For those of you who know me well, you know that I often try different "methods" of working out, sometimes even embarking on the latest trends. However, most of these methods do not last long. Soon, my ADHD tendencies kicks in and I become disinterested in the latest craze. This has been a pattern for quite some time.
In college, I decided that the elliptical was an interesting piece of equipment to try out. It was easy to, I could watch TV (usually Regis and Kelly) while moving on it, and it was even manageable hung-over! Diligently, each day, I would hit up the "REC" for an hour of fierce ellipticaling (I realize that this is a made-up verb). This clearly was not an effective work-out, as I was about 20 lbs heavier at WSU than I am now (although it also may have had something to do with the pizza and beer). Nevertheless, I have considered the elliptical and evil demon since...and have not set foot on that bad boy again.
After college, I realized it was time to get serious about my health and took up running which I used to do a great deal of in high school Cross-Country. Running was a wonderful release after a day of student-teaching, and began to run 5 days or so per week. After pounding the pavement for several months, I entered and ran in a 1/2 marathon, then another. Then...the boredom began to kick in. I did not really have the desire to run anymore 1/2 marathons nor a full one EVER. I still continued with running, but kept my eyes peeled for new ways to stay in shape.
HOT Yoga/Bikram Yoga was the next adventure in fitness for me. Living in Seattle at the time, Hot Yoga studios were nearly as abundant as Starbucks stores, so I had no problem finding one. By the way, the only real difference I noticed between Hot and Bikram was that in Bikram there is carpet on the floor, and people talk before class in Hot Yoga. This is not allowed during Bikram, unless you want to get the evil eye. In both Bikram and Hot, participants are lead through a series of poses in a hot (scorching hot) room. It is incredibly challenging, and I sometimes felt as though my skin and organs were on fire.
Yoga was great. For a while. When I had the new member specials. After that, things started to get pricey. Really pricey. Most studios did ofter monthly unlimited deals, and encouraged members to attend Yoga classes 4 or more days a week. There was no way I could do that as I began to grow tired of the classes. Each time, class is EXACTLY the same...and I mean exactly. The instructor leads the group through the same 26 poses each time. Not only that, but I also was sick of having to plan when I could eat (you get sick if you eat 2 hours or less prior), and making certain I had enough water. The last straw was when a man ripped one right in front of me during a class. I started laughing and was met with a scowl from the Yoga master, as she informed me that I should be so in tune with my own body that I should not have noticed. That was the last class I attended.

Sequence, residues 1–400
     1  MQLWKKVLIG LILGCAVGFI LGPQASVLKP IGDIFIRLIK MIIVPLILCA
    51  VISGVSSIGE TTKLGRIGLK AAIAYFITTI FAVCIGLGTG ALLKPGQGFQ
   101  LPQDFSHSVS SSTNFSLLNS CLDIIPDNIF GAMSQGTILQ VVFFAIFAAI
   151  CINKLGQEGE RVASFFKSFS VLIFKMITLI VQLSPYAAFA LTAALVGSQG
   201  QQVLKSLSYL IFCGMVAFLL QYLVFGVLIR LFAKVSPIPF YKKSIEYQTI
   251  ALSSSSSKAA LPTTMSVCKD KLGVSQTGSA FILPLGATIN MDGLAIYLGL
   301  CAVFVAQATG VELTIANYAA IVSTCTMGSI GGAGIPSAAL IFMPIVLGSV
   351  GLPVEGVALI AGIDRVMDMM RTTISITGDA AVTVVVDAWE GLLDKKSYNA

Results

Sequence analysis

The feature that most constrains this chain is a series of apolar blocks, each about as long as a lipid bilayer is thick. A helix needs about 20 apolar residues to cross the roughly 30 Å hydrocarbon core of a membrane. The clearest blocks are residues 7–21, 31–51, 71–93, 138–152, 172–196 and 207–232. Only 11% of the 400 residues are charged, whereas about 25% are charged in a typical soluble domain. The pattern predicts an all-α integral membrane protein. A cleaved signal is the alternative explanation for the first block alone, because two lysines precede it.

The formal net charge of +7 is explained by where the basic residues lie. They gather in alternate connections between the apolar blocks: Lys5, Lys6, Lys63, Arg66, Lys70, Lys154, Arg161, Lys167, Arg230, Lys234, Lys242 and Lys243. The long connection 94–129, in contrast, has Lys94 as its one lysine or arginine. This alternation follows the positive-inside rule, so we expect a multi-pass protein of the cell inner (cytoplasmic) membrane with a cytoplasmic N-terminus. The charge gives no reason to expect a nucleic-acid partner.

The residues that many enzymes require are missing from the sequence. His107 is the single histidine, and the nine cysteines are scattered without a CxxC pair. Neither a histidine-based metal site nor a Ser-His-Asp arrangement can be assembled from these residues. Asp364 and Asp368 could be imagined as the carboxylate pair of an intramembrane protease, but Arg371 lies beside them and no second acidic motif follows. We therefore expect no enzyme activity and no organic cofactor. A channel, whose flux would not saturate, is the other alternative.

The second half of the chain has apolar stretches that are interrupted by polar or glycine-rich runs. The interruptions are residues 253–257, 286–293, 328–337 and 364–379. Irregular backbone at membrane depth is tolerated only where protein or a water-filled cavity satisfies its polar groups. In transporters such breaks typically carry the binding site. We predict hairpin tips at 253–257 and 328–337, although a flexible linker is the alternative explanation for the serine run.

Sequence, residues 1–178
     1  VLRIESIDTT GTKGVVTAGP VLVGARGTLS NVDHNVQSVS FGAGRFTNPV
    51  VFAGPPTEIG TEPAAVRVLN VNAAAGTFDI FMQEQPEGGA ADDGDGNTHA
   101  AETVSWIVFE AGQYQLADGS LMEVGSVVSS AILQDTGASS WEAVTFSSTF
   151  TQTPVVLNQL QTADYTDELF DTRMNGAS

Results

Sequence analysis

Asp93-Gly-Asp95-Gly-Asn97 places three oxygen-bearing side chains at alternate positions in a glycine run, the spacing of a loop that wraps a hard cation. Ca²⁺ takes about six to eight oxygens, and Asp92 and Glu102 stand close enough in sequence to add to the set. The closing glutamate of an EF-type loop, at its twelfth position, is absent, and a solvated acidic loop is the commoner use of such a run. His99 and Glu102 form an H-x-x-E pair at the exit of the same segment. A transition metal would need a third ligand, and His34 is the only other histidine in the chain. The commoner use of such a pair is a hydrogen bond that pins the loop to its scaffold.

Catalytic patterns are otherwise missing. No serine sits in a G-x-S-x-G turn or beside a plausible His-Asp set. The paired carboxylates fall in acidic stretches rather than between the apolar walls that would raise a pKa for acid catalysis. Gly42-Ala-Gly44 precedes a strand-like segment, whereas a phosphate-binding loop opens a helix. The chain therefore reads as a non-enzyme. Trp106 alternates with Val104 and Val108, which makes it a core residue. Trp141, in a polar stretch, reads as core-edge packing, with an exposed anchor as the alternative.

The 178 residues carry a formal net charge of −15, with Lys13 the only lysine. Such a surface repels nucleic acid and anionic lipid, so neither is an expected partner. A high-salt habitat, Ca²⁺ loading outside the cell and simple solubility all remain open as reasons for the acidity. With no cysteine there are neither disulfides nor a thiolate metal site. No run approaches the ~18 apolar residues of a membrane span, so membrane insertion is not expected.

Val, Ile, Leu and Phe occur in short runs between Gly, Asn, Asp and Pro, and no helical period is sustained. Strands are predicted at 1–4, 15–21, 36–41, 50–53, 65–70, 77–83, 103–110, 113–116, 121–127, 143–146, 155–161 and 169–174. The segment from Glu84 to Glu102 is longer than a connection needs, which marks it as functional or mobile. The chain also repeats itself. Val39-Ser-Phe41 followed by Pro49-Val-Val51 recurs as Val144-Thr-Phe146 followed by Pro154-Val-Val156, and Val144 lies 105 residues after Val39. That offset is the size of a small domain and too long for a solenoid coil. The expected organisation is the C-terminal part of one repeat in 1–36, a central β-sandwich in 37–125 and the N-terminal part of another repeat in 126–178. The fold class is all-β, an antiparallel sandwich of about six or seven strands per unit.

Zumba was another exercise trend I tried out last year. Lots of friends and co-workers were raving about it, so I decided to pop in after noticing a class going on at LA Fitness. I loved it, and did not even feel as though I was working out. I was dancing like I was in a club and felt as though the only way this class could be topped would be if I had a delicious cocktail in my hand!
This exhilaration was sort-lived when the classes became so crowded that I could not shake my tail feathers properly. My last Zumba class EVER entailed a verbal confrontation with a delightful young lady and her boyfriend who walked into class WAY late and kept shoving me and others around us to get a spot. Just like in Yoga, Zumba had a "last straw" for me as well. The previously mentioned boyfriend was literally right behind me with about 2 inches of space (very awkward while performing a hip-thrusting movement). After he accidentally ran right into my ass, I high-tailed it out of the aerobics room.
In late June, 2009 I began a new adventure in fitness, called "Crossfit" and am happy to report that I have yet to get bored and quit. This is due to the fact that Crossfit specializes in not specializing. This means that each day is a new workout and challenge, so it is perfect for those with a short attention span, such as myself. Basically, I get to do a little bit of everything ...running, gymnastics, lifting, and flexibility. Each day a different warm-up and WOD (workout of the day) is posted, and a trainer demonstrates the skills needed for the workout and checks to assure they are being executed correctly. WOD's are also modified as needed. Most WOD's are timed and it really does help a competitive person like myself to have a clock to race against.
Some people have asked if Crossfit is worth the price, since the membership is a bit more than a typical gym. The answer is easy: Crossfit is relatively cheap for group personal training when I began to compare prices for personal training sessions. And, it is really not much more per month than most global gyms. Plus, I am in much better shape than I have been from any other work-out. Past injuries and ailments have vanished, my running times are faster, and I have gained a great deal of strength and flexibility. Perhaps I have finally arrived at a fitness program that I will continue to stick with after so many failed attempts? I will keep you posted.
In case you want to try it out...
Here is the main crossfit site:
The site for my crossfit gym: